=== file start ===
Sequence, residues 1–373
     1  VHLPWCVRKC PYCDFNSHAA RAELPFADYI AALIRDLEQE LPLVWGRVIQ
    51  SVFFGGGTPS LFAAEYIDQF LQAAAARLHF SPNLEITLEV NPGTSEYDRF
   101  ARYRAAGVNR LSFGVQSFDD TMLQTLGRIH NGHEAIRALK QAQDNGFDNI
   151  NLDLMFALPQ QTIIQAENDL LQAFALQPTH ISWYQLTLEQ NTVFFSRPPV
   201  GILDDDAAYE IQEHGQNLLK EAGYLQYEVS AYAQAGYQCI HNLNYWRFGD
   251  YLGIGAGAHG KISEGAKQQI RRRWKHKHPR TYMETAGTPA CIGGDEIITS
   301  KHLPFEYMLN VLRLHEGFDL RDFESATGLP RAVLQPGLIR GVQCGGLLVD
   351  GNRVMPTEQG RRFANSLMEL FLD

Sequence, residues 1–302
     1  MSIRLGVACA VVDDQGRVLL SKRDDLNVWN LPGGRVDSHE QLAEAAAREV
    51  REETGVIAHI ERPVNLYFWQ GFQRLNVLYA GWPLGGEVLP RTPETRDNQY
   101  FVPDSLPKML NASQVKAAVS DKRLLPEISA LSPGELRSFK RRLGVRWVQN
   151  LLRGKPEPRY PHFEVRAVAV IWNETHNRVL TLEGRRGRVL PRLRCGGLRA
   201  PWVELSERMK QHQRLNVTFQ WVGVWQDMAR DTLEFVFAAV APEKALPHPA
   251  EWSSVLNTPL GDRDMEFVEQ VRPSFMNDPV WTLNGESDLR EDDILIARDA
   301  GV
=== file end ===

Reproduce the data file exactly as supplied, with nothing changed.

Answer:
Sequence, residues 1–373
     1  VHLPWCVRKC PYCDFNSHAA RAELPFADYI AALIRDLEQE LPLVWGRVIQ
    51  SVFFGGGTPS LFAAEYIDQF LQAAAARLHF SPNLEITLEV NPGTSEYDRF
   101  ARYRAAGVNR LSFGVQSFDD TMLQTLGRIH NGHEAIRALK QAQDNGFDNI
   151  NLDLMFALPQ QTIIQAENDL LQAFALQPTH ISWYQLTLEQ NTVFFSRPPV
   201  GILDDDAAYE IQEHGQNLLK EAGYLQYEVS AYAQAGYQCI HNLNYWRFGD
   251  YLGIGAGAHG KISEGAKQQI RRRWKHKHPR TYMETAGTPA CIGGDEIITS
   301  KHLPFEYMLN VLRLHEGFDL RDFESATGLP RAVLQPGLIR GVQCGGLLVD
   351  GNRVMPTEQG RRFANSLMEL FLD

Sequence, residues 1–302
     1  MSIRLGVACA VVDDQGRVLL SKRDDLNVWN LPGGRVDSHE QLAEAAAREV
    51  REETGVIAHI ERPVNLYFWQ GFQRLNVLYA GWPLGGEVLP RTPETRDNQY
   101  FVPDSLPKML NASQVKAAVS DKRLLPEISA LSPGELRSFK RRLGVRWVQN
   151  LLRGKPEPRY PHFEVRAVAV IWNETHNRVL TLEGRRGRVL PRLRCGGLRA
   201  PWVELSERMK QHQRLNVTFQ WVGVWQDMAR DTLEFVFAAV APEKALPHPA
   251  EWSSVLNTPL GDRDMEFVEQ VRPSFMNDPV WTLNGESDLR EDDILIARDA
   301  GV